Recovery From Sevoflurane Anesthesia in Horses: Comparison to Isoflurane and Effect of Postmedication With Xylazine
Article first published online: 28 JUN 2008
Volume 27, Issue 5, pages 480–485, September 1998
How to Cite
MATTHEWS, N. S., HARTSFIELD, S. M., MERCER, D., BELEAU, M. H. and MACKENTHUN, A. (1998), Recovery From Sevoflurane Anesthesia in Horses: Comparison to Isoflurane and Effect of Postmedication With Xylazine. Veterinary Surgery, 27: 480–485. doi: 10.1111/j.1532-950X.1998.tb00160.x
- Issue published online: 28 JUN 2008
- Article first published online: 28 JUN 2008
Objective—To compare recovery from sevoflurane or isoflurane anesthesia in horses.
Study Design—Prospective, randomized cross-over design.
Animals—Nine Arabian horses (3 mares, 3 geldings, and 3 stallions) weighing 318 to 409 kg, 4 to 20 years old.
Methods—Horses were anesthetized on three occasions with xylazine (1.1 mg/kg), Diazepam (0.03 mg/kg intravenously [IV]), and ketamine (2.2 mg/kg IV). After intubation, they were maintained with isoflurane or sevoflurane for 90 minutes. On a third occasion, horses were maintained with sevoflurane and given xylazine (0.1 mg/kg IV) when the vaporizer was turned off. Horses were not assisted in recovery and all recoveries were videotaped. Time to extubation, first movement, sternal, and standing were recorded as was the number of attempts required to stand. Recoveries were scored on a 1 to 6 scoring system (1 = best, 6 = worst) by the investigators, and by three evaluators who were blinded to the treatments the horses received. These blinded evaluators assessed the degree of ataxia present at 10 minutes after each horse stood, and recorded the time at which they judged the horse to be ready to leave the recovery stall.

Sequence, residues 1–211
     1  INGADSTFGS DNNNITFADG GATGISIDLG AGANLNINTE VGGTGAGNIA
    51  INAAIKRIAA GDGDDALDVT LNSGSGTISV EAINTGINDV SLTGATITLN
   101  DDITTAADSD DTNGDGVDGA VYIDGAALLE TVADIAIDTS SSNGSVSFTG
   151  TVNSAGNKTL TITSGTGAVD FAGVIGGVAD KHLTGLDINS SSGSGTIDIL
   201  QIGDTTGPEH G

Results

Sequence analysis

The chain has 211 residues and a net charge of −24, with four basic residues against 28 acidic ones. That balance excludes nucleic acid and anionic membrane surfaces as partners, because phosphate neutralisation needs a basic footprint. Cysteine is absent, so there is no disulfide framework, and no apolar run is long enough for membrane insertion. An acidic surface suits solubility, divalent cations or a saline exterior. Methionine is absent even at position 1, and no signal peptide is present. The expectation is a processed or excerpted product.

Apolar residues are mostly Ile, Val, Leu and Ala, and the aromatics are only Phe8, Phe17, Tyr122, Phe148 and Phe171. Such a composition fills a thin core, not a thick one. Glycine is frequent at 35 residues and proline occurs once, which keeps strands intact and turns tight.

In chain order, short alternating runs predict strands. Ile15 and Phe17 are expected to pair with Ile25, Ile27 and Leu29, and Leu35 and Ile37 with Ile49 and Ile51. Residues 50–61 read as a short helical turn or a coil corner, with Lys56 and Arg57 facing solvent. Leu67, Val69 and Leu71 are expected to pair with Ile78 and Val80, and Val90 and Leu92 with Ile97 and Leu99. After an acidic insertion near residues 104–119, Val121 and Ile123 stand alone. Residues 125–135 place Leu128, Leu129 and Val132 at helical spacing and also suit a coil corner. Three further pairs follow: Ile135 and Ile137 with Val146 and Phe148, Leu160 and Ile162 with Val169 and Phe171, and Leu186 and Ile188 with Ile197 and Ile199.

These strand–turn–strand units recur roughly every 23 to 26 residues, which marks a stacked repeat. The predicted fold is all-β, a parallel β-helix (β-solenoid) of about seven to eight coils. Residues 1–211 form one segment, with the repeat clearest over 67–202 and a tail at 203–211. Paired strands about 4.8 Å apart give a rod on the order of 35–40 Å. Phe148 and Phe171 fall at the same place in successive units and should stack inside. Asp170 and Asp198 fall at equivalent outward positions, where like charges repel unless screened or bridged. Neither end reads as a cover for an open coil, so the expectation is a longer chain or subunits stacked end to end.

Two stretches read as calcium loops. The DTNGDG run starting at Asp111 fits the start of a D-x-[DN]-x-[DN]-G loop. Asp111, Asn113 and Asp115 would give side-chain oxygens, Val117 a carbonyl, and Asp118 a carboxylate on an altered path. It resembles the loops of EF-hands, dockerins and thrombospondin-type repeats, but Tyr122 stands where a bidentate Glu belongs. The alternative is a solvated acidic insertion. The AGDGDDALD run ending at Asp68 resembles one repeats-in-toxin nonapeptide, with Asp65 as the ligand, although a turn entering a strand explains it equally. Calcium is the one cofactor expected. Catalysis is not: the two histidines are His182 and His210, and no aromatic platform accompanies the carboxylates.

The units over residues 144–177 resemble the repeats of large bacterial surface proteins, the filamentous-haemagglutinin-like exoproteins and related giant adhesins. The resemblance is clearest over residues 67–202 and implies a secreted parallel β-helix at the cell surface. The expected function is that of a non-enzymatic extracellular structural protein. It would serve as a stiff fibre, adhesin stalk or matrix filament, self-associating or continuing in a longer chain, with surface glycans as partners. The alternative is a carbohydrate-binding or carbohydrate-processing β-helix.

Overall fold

Results—Mean times (± SD) to extubation, first movement, sternal, and standing were 4.1 (1.7), 6.7 (1.9), 12.6 (4.6), and 17.4 (7.2) minutes with isoflurane; 3.4 (0.8), 6.6 (3.1), 10.3 (3.1), and 13.9 (3.0) minutes with sevoflurane; and 4.0 (1.2), 9.1 (3.3), 13.8 (6.5), and 18.0 (7.1) with sevoflurane followed by xylazine. Horses required a mean number of 4 (2.3), 2 (0.9), and 2 (1.6) attempts to stand with isoflurane, sevoflurane, and sevoflurane followed by xylazine respectively. The mean recovery score (SD) for isoflurane was 2.9 (1.2) from investigators and 2.4 (1.1) from blinded evaluators. For sevoflurane, the mean recovery score was 1.7 (0.9) from investigators and 1.9 (1.1) from evaluators, whereas the recoveries from sevoflurane with xylazine treatment were scored as 1.7 (1.2) from investigators and 1.7 (1.0) from blinded evaluators. Conclusions—Recoveries appeared to vary widely from horse to horse, but were significantly shorter with sevoflurane than isoflurane, although sevoflurane followed by xylazine was no different from isoflurane. Under the conditions of the study, recoveries from sevoflurane and sevoflurane followed by xylazine were of better quality than those from isoflurane.
Clinical Relevance—Sevoflurane anesthesia in horses may contribute to a shorter, safer recovery from anesthesia.